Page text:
The Best Brands Of Store-Bought Salsa, According To Mexican Chefs

You'll be shocked that a certain major brand is on this list.
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Tortilla chips and salsa are common fare when dining out in a Mexican restaurant throughout the 50 states, and most restaurants pride themselves on serving up freshly made, spicy salsas that they make in-house to add to flautas, tacos, enchiladas, burritos and more. Some places even have their own salsa bar including options ranging from mild to super spicy ― in which case you’d better make sure you have a cold beverage nearby.

This Mexican condiment is a versatile staple that you’ll want to have on hand, whether you’re cooking up a Mexican dish, spicing up your plate of eggs, adding more zest to whatever you’re preparing or using as a dip for tortilla chips as a snack.

But have you ever wondered what Mexican chefs use or rely on in a pinch when they don’t have the time to make fresh salsa? HuffPost spoke to Mexican chefs and culinary professionals about what they reach for when they need salsa fast. You may be surprised at some of the items on the list!

What Chefs Look For In A Jarred Salsa

Salsa is an integral part of Mexican cooking. “It’s a condiment that is part of our family’s table,” said Yanni Sanchez, a Mexican-born chef who’s the executive chef at the Michelin-rated Takito Brands Restaurants in Chicago. “Excellent Mexican salsas include these three items ― think three colors of the Mexican flag (green, white and red): green (jalapeno), white (onion) and red (tomato).”

You’ll also want to pay attention to the ingredients list for some clues. “I look for the closest taste to homemade salsa, so I look for low amounts of thickeners and preservatives,” said Katsuji Tanabe, executive chef of a’Verde in Cary, North Carolina. If a salsa seems to stand out for the color and not the ingredients, that may be a sign it’s not one you want to use. “When they look too bright in color, there is usually something wrong,” Tanabe said.

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Herdez Mild Guacamole Salsa
If you’re searching for a salsa that meets the expectations of many Mexican chefs, Herdez is the one. “When I am in a pinch, my go-to salsa is the Herdez brand, with my personal favorite being the Guacamole Salsa Mild," said Dudley Nieto, the executive chef at Fat Rosie's in Illinois. "It is a universal, quality brand of salsa that uses a lot of ingredients that just make sense – with its homemade, roasted char flavoring, and the combination of tomatoes and peppers – it compliments anything.”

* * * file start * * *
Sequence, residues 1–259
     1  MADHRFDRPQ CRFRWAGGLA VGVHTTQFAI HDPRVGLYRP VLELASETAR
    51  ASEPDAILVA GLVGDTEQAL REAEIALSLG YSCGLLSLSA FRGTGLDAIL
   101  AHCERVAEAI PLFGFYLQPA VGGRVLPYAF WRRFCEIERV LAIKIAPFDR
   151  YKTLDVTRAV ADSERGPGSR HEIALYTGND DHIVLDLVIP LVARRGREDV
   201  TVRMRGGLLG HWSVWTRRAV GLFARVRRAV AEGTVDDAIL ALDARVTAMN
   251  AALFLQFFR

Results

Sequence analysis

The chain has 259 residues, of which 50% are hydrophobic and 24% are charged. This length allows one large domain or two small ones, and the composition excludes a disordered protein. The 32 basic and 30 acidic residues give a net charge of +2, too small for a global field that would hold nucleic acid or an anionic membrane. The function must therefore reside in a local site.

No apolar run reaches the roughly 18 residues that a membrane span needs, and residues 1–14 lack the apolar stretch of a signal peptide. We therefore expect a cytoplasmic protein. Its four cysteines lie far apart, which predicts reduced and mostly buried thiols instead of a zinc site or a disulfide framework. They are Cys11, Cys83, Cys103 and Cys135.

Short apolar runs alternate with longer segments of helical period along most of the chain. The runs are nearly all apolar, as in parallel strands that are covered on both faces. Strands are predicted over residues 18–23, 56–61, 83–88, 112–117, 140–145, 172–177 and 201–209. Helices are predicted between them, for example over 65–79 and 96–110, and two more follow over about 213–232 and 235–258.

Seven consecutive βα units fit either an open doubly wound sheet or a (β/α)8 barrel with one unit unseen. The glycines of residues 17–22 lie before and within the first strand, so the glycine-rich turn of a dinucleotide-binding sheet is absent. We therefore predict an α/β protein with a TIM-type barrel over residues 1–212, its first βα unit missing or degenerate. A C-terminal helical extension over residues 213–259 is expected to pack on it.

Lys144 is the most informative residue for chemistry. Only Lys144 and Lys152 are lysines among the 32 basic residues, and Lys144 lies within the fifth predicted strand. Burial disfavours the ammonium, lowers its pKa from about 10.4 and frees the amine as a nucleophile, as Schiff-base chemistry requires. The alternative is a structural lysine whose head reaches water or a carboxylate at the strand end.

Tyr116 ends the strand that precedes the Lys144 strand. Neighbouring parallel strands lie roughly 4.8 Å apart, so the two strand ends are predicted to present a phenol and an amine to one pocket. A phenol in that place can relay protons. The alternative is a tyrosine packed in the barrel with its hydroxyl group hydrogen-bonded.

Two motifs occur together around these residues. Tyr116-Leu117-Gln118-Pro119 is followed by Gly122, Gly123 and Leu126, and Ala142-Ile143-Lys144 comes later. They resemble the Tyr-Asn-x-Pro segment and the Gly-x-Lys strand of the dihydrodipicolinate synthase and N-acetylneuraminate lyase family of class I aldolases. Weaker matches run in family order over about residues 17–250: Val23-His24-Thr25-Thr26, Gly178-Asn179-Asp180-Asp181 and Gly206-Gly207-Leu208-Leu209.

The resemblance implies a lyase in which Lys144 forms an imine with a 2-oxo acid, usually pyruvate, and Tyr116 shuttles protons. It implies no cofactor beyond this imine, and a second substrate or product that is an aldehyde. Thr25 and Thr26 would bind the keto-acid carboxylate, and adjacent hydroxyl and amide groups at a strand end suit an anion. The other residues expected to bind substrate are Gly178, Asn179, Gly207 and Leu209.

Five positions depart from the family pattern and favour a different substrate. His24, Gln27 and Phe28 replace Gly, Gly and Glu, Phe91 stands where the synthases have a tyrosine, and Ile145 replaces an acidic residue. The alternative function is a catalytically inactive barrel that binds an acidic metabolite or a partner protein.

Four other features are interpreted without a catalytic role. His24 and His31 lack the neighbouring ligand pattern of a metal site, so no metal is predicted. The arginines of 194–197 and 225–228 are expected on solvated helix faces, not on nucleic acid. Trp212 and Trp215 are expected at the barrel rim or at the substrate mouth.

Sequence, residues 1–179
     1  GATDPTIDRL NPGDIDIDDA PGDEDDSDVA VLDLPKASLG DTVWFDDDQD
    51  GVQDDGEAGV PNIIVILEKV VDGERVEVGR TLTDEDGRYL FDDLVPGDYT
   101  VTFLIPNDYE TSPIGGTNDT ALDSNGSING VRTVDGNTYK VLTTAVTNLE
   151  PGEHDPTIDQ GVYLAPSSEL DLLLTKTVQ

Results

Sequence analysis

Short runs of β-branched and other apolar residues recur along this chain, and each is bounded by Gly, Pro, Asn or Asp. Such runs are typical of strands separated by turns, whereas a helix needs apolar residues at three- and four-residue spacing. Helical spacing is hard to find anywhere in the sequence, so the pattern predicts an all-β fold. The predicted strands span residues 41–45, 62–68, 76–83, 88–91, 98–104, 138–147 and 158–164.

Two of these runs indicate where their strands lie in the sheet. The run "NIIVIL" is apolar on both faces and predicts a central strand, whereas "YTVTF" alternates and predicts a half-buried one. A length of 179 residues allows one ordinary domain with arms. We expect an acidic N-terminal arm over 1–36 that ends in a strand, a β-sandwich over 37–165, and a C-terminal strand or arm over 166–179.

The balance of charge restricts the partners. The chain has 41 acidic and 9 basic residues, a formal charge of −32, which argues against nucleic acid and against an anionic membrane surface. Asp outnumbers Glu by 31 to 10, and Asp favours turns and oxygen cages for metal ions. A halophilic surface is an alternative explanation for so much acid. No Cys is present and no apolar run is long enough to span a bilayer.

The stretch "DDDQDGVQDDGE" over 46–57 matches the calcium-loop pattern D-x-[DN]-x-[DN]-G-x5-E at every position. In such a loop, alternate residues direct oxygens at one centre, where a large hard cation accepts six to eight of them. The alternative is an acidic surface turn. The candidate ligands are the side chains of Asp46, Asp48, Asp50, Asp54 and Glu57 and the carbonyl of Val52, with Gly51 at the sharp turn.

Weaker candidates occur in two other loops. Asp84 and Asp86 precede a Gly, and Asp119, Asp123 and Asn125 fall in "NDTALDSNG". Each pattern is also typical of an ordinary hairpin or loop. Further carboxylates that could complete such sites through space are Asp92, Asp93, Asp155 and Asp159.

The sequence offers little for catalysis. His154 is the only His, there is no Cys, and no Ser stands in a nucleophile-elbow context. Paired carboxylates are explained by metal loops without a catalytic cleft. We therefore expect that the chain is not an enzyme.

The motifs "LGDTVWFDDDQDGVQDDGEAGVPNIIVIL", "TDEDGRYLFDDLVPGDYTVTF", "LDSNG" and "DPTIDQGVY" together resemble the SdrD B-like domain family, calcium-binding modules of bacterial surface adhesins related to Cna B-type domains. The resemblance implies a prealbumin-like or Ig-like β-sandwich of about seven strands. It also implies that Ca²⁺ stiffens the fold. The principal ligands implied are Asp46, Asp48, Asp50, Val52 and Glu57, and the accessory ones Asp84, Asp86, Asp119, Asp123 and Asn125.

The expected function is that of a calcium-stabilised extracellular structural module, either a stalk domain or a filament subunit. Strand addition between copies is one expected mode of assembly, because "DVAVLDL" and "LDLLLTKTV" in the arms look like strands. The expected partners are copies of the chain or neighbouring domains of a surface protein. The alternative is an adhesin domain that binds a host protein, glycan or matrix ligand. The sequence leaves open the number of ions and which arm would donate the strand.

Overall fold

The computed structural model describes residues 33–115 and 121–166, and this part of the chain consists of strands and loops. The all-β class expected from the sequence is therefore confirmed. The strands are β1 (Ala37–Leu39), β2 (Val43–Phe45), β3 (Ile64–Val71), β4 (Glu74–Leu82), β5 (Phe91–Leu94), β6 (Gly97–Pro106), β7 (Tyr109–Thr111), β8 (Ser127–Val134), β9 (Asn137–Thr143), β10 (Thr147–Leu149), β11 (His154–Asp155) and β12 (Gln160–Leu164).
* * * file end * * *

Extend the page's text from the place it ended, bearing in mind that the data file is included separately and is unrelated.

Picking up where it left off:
“I enjoy it on its own with chips, I use it on steak and chicken, and even put it on top of my pizza," Nieto said.

Fernando Renteria, a culinary professional at La Monarca Bakery in California, loves using Herdez Guacamole Salsa to dollop on chicken taquitos, his favorite dish. The salsa "makes the dish," he said. "There are never any leftovers."
La Costeña Medium Home Style Mexican Salsa
Renteria said this brand has great just-like-homemade flavor and packs a punch. “Many of us lead busy lives and don't have the time to make salsa from scratch, but my favorite salsa tastes just as good as if I had made it myself," Renteria said. So next time you’re browsing the salsa options, consider this recommendation.
Herdez Roasted Poblano Salsa Cremosa
Looking for an all-around salsa to use for an array of dishes? Consider Herdez Roasted Poblano Salsa Cremosa. Katsuji Tanabe, executive chef of a’Verde in Cary, North Carolina, loves the versatility of this salsa. “We tend to use it as a quick fix with scrambled eggs or chicken quesadillas at home,” he said. “It has oil, so it’s richer than other salsas and we use it when we are in a rush to add something spicy.” Tanabe also adds this salsa to dishes that aren't complicated, because this salsa will make a dish stand out.
Tostitos Medium Salsa
Yanni Sanchez, the executive chef at the Michelin-rated Takito Brands Restaurants, makes fresh salsa for her restaurant but decided to do an unscientific blind taste test of eight different jarred salsas with her staff. The team was surprised when they found out Tostitos brand salsa was the winner. “It was chunky, had Mexican spice flavors as one would expect, a good balance of salt and garlic, and easy to eat,” Sanchez said. “The tomatoes tasted ripe — a perfect amount of zest, with a generous blend of onion, garlic and jalapeno.”
Mission Medium Chunky Salsa
Curious what the runner-up was to Tostitos in the blind taste test? Mission Chunky Salsa. “The tomatoes had a zesty grip with the right amount of spices and salt,” Sanchez said. “It had a full-body density and was easy to enjoy,” she said. And the most surprising aspect about this salsa? "What impressed me most was that there was a rustic bite with a zesty finish that wasn't felt with other salsa."

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